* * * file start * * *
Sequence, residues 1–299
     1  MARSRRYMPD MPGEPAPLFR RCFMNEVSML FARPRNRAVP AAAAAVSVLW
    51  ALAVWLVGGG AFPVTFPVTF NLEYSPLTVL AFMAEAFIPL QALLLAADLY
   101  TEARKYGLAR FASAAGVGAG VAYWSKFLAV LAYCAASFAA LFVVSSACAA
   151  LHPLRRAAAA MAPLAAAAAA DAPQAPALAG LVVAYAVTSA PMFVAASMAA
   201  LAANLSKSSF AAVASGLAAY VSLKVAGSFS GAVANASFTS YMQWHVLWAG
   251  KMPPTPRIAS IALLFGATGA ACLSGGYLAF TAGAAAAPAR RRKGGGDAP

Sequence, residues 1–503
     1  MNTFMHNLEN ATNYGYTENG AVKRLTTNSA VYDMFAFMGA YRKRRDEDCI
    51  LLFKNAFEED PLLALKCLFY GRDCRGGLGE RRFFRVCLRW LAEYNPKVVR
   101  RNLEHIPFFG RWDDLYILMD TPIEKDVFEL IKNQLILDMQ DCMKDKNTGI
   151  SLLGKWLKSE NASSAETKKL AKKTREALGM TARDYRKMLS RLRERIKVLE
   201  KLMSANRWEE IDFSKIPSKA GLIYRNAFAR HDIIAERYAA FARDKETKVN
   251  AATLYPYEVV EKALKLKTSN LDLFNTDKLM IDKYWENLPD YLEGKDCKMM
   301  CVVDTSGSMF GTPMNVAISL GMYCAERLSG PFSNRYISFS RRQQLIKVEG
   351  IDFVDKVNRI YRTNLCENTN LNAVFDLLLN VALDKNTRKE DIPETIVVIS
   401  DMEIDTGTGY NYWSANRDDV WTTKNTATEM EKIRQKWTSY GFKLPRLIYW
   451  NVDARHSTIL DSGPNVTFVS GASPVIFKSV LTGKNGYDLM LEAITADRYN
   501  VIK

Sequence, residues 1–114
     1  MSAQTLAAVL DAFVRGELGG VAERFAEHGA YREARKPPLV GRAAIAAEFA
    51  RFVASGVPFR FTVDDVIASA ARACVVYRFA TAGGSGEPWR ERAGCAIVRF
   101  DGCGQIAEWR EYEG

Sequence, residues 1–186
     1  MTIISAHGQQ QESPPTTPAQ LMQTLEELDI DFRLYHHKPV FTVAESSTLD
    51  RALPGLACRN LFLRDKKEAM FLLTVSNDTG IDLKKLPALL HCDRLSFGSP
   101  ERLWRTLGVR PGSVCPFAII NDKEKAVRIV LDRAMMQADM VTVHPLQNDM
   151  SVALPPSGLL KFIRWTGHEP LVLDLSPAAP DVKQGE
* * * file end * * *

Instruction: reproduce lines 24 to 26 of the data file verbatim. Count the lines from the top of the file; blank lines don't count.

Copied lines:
Sequence, residues 1–186
     1  MTIISAHGQQ QESPPTTPAQ LMQTLEELDI DFRLYHHKPV FTVAESSTLD
    51  RALPGLACRN LFLRDKKEAM FLLTVSNDTG IDLKKLPALL HCDRLSFGSP